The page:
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"The novice users of LinkedIn use it to find a job. The power users of LinkedIn use it to manage their careers."
That's Deep Nishar, LinkedIn's SVP of product, giving his 21st century take on "The Brand Called You." "Most of us worry when we ever have to find a job," Nishar says over a glass of fresh-squeezed carrot and ginger juice at a restaurant in midtown Manhattan. "That's the last time and place [you should worry]—by then, it's too late. You have to manage your career every single day."
With a ravaged economy and an unemployment rate of 8.6%, such career vigilance isn't a luxury many can afford. But with 13.3 million Americans out of work and recovery still likely years away, it's now more important than ever to obsessively manage any and all career prospects. LinkedIn has become a resource for 135 million users to this end, and it's a network, Nishar hopes, that everyone will soon realize they can take advantage of, from high school students to elderly retirees. "We have a saying at LinkedIn: Everyone is an entrepreneur," he says. "It doesn't mean you go out and start a company. It means you manage your career as if you are your own business. You have to be entrepreneurial about your career every single day."
LinkedIn is focused on building products to facilitate this process. Tools such as the jobs recommender and career explorer, which determine exactly what it'll take to get from one job to the next, are helping users find new opportunities. But it's the LinkedIn network itself that Nishar considers most crucial for career growth. Data shows that referrals are the No. 1 source of external hires—in fact, according to LinkedIn, referral candidates are seven times more likely to get hired than non-referrals, which means your career network is the most valuable resource you have to find your next promotion. (That's partly why Monster.com has built its BeKnown career app on top of Facebook's social graph.)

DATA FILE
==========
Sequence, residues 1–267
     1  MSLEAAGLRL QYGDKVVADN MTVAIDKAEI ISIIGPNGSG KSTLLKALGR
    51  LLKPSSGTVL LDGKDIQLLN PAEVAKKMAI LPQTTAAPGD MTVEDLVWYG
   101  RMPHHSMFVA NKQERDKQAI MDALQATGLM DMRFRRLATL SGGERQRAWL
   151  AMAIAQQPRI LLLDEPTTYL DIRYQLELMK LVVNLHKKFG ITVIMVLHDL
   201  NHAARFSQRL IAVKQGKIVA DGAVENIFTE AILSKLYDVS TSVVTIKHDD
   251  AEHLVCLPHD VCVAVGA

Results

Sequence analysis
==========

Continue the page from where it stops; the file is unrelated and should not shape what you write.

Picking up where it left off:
The issue is however, that unlike users of Facebook, not everyone thinks they belong on LinkedIn. "There's a challenge in general with people believing that something is for them or not for them—that's true for every social network, by the way," Nishar says. A large part of LinkedIn's users come from high tech or finance; less represented industries include nonprofits, government, media, construction, and services. Nishar wants to balance that disparity out—to make sure there are as many kindergarten teachers as there are iOS software engineers. "Most people are not networkers," he says. "Most of us are not extroverts who walk up at a conference or party and talk to complete strangers. We try to ease people into that process."
Here are Nishar's three simple tips for novice networkers:
Establish A Network (Unless You're The Unabomber, You Have One)
It might sound simple, but Nishar says many don't believe they even have a professional network to establish. A common concern for most skeptics of LinkedIn, who feel more comfortable friending on Facebook than establishing the all-intimidating professional connection: "Well, I don't know anyone!" Nishar hears it especially from students. "Students many times will say, 'I don't know anyone—I've never worked,'" he explains. "And I'm like, 'No, you do. Who are your uncles? Who are the friends of your parents? Your professors? Your influences? People you've met at career fairs?'"